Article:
Hummingbird in Underworld: Teaching in a Men’s Prison, A Memoir
When she was appointed to lead the Arts in Correction program at a California prison, Deborah Tobola knew how much an assistant’s job description mattered. She looked for “someone with a good heart who has gone astray somehow” to meet the necessary demands. As a creative writing instructor, appointed to teach poetry at the California Men’s Colony in San Luis Obispo, she valued personal safety no less than her clerk’s ability and interest in the work.
Tobola describes her early awareness that “misery’s persistent whisper” could “turn into a collective groan.” It spurred her to develop a poetry program that encouraged her students to develop and express their talent. Over the years, she expanded her classes to include plays written and staged by inmates. The productions generated camaraderie among her students and heightened awareness of a discrete lifestyle when performed to the public.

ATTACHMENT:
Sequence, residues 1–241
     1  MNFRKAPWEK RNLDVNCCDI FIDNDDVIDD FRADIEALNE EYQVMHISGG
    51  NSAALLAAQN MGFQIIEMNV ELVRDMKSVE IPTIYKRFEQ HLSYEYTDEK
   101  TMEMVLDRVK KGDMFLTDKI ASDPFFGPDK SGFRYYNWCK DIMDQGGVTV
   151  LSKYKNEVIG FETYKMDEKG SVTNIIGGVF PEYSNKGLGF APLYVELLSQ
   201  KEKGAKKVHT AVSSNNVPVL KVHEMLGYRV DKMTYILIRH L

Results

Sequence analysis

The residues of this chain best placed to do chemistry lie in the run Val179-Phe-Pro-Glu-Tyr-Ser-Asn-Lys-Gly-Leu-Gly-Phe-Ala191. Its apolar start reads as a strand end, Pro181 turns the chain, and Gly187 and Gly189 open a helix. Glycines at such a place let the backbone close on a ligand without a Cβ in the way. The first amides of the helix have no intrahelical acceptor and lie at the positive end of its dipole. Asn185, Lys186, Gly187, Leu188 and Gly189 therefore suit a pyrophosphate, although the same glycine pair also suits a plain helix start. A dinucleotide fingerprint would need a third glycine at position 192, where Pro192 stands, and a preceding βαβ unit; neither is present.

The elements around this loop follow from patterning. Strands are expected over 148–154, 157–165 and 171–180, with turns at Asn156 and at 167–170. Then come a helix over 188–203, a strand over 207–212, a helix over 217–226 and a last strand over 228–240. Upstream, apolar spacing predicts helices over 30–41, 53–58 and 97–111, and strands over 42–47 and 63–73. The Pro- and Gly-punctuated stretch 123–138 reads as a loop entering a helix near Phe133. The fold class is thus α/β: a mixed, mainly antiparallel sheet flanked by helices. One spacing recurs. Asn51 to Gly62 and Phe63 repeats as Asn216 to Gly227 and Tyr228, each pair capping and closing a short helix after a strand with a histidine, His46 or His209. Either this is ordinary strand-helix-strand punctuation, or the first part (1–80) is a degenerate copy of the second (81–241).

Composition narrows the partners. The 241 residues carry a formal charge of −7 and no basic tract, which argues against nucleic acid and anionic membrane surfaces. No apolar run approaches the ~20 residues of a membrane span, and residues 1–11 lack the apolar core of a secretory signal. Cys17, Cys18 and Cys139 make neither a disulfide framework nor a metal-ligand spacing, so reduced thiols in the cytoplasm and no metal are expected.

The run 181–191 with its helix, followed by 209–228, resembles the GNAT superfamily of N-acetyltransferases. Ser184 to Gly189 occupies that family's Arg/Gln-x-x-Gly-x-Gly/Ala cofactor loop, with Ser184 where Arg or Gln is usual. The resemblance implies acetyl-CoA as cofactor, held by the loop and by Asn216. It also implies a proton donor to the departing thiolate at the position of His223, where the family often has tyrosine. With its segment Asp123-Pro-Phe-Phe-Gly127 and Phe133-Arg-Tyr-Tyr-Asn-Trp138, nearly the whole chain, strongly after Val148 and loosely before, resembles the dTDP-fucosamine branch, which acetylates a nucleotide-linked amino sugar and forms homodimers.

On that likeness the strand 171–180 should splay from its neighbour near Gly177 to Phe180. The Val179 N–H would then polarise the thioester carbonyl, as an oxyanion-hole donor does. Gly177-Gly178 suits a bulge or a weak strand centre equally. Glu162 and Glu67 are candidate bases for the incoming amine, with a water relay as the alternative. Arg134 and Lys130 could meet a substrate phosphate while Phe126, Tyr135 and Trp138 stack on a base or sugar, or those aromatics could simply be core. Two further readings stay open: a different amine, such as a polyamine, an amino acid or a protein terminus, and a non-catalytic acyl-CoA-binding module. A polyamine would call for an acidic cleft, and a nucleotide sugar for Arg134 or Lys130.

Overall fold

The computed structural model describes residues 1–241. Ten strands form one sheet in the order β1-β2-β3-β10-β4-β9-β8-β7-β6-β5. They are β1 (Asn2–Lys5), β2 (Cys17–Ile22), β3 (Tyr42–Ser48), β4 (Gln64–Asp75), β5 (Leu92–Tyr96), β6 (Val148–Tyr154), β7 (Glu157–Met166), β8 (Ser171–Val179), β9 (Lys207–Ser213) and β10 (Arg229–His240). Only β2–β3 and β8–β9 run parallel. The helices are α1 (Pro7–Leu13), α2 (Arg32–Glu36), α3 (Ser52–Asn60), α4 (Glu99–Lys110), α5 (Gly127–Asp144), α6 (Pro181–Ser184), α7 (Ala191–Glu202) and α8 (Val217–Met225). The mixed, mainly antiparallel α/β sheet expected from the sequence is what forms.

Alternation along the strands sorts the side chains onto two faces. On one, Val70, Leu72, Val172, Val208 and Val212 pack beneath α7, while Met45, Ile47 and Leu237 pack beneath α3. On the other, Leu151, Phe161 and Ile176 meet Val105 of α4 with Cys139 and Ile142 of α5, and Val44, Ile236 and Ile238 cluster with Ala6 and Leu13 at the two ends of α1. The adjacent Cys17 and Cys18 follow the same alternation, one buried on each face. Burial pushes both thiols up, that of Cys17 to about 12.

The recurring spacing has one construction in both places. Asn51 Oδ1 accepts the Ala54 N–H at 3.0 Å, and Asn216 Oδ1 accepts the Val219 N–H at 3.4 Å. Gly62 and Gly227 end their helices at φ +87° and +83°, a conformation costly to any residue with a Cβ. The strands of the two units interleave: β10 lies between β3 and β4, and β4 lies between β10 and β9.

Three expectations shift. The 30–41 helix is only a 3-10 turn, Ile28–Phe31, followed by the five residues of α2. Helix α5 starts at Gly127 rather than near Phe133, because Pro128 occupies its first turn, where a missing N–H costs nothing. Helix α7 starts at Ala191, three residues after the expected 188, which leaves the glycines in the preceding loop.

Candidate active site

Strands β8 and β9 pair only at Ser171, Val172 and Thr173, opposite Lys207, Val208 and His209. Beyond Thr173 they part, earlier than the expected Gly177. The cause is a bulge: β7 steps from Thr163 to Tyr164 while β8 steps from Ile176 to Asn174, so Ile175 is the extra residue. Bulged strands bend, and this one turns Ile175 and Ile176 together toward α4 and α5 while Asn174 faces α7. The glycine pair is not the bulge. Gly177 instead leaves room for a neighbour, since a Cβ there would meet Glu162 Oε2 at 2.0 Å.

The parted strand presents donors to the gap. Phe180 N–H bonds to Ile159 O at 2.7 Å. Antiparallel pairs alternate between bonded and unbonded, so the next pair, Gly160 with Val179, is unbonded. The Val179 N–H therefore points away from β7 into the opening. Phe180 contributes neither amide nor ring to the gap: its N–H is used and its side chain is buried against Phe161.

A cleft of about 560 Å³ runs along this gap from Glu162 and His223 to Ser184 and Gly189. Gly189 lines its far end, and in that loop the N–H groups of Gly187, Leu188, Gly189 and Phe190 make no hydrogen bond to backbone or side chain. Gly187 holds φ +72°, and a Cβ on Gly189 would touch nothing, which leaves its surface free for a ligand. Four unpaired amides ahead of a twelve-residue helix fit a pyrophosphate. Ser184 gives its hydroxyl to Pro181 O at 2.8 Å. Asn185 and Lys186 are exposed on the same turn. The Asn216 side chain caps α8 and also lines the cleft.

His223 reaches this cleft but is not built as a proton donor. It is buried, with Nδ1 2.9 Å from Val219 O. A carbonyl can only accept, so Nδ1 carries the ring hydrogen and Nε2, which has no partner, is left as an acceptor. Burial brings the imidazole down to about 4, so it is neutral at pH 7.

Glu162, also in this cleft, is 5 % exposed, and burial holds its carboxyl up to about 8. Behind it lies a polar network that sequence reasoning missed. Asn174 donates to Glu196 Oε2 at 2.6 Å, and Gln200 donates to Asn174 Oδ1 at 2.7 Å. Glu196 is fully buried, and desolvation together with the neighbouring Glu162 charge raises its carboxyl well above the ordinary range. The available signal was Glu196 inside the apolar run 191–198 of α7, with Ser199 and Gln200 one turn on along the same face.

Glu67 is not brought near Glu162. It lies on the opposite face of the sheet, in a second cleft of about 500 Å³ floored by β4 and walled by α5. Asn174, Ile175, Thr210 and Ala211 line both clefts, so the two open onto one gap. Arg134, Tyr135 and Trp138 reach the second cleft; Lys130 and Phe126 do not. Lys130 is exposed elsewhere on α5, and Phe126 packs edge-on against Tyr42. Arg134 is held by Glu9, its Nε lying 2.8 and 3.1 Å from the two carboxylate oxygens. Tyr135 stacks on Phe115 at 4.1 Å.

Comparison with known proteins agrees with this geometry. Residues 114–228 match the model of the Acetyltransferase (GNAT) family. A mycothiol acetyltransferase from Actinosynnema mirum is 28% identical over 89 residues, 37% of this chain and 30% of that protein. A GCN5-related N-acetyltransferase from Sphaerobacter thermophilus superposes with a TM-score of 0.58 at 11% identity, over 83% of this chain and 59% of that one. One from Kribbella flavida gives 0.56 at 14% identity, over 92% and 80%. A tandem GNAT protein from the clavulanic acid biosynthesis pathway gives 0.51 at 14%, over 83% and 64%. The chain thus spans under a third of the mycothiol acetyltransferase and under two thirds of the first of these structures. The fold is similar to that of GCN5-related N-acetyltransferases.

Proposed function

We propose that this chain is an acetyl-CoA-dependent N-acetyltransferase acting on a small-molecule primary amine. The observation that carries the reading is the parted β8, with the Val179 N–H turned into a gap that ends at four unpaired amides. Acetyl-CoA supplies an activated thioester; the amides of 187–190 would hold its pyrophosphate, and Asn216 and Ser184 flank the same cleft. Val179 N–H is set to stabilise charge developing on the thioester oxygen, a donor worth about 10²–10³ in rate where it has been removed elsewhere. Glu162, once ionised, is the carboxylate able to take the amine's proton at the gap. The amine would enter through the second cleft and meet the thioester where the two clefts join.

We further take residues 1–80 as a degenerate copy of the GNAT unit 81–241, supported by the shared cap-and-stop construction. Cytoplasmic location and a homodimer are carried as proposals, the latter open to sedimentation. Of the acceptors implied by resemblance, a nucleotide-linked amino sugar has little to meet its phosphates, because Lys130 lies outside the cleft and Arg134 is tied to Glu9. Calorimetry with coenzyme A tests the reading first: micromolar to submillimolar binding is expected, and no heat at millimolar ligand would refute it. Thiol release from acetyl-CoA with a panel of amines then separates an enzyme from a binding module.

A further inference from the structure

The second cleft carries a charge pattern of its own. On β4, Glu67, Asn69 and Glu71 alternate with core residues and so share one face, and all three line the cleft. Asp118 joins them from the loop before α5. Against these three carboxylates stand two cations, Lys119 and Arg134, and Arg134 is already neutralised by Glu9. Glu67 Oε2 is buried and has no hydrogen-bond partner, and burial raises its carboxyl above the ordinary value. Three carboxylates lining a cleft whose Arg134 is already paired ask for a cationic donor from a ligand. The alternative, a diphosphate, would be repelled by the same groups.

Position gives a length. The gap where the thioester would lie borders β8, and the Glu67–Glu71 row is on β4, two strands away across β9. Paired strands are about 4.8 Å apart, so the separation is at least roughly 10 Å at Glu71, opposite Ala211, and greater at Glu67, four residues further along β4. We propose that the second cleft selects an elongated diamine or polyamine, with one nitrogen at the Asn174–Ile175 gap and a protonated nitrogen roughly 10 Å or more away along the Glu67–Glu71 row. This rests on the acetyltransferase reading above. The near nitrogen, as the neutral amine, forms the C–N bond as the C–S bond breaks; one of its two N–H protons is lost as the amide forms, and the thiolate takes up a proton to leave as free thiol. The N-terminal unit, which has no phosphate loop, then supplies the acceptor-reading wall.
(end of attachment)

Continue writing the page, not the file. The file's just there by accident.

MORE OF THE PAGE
She tells how the monotony of prison life was relieved by the unexpected. At one stage, in short order, a stabbing after a soccer game was followed by a suicide attempt and a fatal heart attack, and drama following an escape.
Tobola’s family memoir with her Czech-Scandinavian heritage runs parallel but wholly separate from the realm of her working days. Her vigorous, brash father is a lasting role model, while from early years she is unable to adopt her sisters more docile ways. The vivid style sustains a lively pace but scarcely veils the sadness of a prison existence.
|Page Count||256 pages|
|Publisher||She Writes Press|
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|Category||Biographies & Memoirs|